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Battery Output

  1. Feb 1, 2014 #1
    If you study a DC signal under an appropriate scope, you can see the switching transitions ; a pwm signal.

    But if you examine a battery, no matter how high temporal resolution you reach, you see a dc signal.

    What might be the explaination for this? electrons are being generated by a chemical process in battery and these reactions are very fast so the switching frequency of battery can be very high. What should be the approach to this problem?
     
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  3. Feb 1, 2014 #2

    phinds

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    Huh? WHAT "switching frequency" of a battery? I don't understand what you mean.
     
  4. Feb 1, 2014 #3
    Smallest possible charge is 1 electron thus there should be some sort of rate to generation/conversion.
     
  5. Feb 1, 2014 #4

    davenn

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    rate to generation/conversion of what ?
     
  6. Feb 1, 2014 #5
    Ion transport rate.
     
  7. Feb 1, 2014 #6

    ZapperZ

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    Let join the chorus here: what ion transport?!!

    By now, you should have a sense that you are not explaining yourself very well here. The first 3 responses are us trying to figure out what exactly it is that you are talking about.

    So how about starting all over again and put some effort into framing this as best as you can.

    Zz.
     
  8. Feb 1, 2014 #7
    I am sorry, trying again.

    When you connect a resistive load across terminals of a battery, a direct current will start flowing ; meaning specific amount of electrons propogating per crosssection but how about the repetition rate of this process? Inside the battery ions are being transported and there is a rate of this phenomena.
     
  9. Feb 1, 2014 #8

    Drakkith

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    This ion transfer rate is equal to the rate of electrons flowing through the circuit between the terminals of the battery. If it wasn't a net charge would build up and prevent any further current flow from one terminal to the other.

    Note that there is no switching involved here. The ions do not flow through the circuit, but through the electrolyte.

    From wiki: http://en.wikipedia.org/wiki/Electrochemical_cell

     
  10. Feb 1, 2014 #9
    Thank you for the information.
     
  11. Feb 1, 2014 #10

    rcgldr

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    The transitions within a battery at the atomic level happen at a very fast rate and they overlap. There aren't any real world instruments sensitive and fast enough to see the very slight and very fast flucuations in the output of a battery. From a practical standpoint, the output of a battery can be considered to be continous.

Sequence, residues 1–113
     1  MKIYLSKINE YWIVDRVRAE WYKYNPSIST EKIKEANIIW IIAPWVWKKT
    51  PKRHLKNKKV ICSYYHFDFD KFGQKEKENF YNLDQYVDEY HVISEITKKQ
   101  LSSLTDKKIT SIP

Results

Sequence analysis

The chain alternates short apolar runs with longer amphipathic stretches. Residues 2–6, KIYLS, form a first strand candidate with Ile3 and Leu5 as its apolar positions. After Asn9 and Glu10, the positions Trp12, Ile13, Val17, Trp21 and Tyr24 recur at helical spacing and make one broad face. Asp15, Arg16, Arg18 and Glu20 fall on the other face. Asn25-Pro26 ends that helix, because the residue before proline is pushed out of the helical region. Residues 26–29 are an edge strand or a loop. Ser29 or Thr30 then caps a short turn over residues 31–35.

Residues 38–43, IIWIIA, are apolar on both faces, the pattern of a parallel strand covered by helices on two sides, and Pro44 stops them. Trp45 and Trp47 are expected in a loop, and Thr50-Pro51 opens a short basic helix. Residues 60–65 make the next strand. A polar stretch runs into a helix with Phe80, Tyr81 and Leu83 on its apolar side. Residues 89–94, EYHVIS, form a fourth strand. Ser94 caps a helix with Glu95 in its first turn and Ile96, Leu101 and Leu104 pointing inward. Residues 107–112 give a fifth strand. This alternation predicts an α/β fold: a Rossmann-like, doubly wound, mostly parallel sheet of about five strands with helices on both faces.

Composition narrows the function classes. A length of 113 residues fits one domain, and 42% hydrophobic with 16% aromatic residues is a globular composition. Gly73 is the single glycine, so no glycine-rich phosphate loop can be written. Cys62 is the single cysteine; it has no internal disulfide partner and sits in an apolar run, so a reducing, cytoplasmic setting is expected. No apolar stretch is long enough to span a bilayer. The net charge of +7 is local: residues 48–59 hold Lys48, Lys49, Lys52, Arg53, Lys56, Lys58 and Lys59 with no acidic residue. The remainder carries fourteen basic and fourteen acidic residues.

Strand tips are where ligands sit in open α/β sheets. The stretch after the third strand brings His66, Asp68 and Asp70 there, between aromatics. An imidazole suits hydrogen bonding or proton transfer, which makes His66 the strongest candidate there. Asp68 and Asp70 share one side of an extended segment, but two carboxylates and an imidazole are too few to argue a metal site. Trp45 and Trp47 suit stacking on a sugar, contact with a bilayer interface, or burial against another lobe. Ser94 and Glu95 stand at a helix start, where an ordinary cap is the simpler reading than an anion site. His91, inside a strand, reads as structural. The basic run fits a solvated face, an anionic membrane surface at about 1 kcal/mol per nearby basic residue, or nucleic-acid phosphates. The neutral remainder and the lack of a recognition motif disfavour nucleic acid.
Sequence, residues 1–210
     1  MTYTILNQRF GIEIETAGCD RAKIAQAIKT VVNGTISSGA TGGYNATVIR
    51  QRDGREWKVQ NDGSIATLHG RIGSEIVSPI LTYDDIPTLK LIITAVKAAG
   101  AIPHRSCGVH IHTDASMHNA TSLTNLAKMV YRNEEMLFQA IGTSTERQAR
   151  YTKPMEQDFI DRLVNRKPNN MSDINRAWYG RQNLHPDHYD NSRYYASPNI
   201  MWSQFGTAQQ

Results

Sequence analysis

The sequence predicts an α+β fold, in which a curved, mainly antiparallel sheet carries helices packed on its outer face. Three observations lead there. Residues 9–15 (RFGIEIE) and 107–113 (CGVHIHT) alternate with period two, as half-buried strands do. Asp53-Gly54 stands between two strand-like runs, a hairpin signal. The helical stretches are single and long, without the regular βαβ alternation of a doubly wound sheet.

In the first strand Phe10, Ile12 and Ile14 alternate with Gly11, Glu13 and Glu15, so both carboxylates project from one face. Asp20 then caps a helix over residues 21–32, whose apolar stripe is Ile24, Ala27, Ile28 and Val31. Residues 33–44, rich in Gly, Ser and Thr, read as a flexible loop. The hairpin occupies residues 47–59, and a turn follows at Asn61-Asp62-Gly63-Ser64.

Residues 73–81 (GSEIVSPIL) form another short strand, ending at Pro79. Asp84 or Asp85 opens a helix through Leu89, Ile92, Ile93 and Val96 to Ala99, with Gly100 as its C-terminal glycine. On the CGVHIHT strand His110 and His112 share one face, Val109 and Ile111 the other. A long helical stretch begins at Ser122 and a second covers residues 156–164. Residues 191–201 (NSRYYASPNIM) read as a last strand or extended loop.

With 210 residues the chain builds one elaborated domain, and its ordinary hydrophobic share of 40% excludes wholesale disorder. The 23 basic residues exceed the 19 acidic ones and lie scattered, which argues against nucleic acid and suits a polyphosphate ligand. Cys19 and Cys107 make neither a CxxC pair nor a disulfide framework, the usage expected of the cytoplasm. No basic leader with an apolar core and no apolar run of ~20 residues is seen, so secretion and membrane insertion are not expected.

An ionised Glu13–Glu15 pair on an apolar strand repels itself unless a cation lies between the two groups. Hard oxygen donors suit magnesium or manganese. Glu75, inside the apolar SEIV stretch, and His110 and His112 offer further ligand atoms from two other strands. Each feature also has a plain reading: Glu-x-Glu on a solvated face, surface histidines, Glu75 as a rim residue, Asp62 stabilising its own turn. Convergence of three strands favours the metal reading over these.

12. Feb 2, 2014 #11
    That's what I was talking about but didn't wanted to push more after I observed that I could'nt express myself to majority efficiently.

    The main phenomena responsible is;
    http://wikipedia.org/wiki/Proton_coupled_electron_transfer

    And it's being driven sequentally, but they overlap as you say and that's the main problem. If you study the problem further you are going to realize that there exists some sort of 'switching' indeed, and it should be around on the orders of ~E+24 due to fundamental properties of Weak Interaction.

    Maybe this problem can be modelled using QM more precisely, approach should be right.

    As of today, mankind is on the orders of E-18 which is far from probing E-24.

    Thank you.
     
  13. Feb 2, 2014 #12

    Drakkith

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    1. What is this switching problem?

    2. I don't see how the weak interaction applies in this situation.
     
  14. Feb 2, 2014 #13
    1.No problem, solved.
    2.I can't say that I understand fully either. But I can say that it's much faster than emf because can't see the propagation delay between electrolytes. Distance between them is 6cm so it would take 200ps minimum, I have a scale of 40ps on my scope but still get a phase difference of 0.
     
  15. Feb 2, 2014 #14

    Drakkith

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    I can confidently say that the weak interaction has nothing to do with this.
     
  16. Feb 2, 2014 #15

    ZapperZ

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    And on that note, this thread is done.

    Zz.
     
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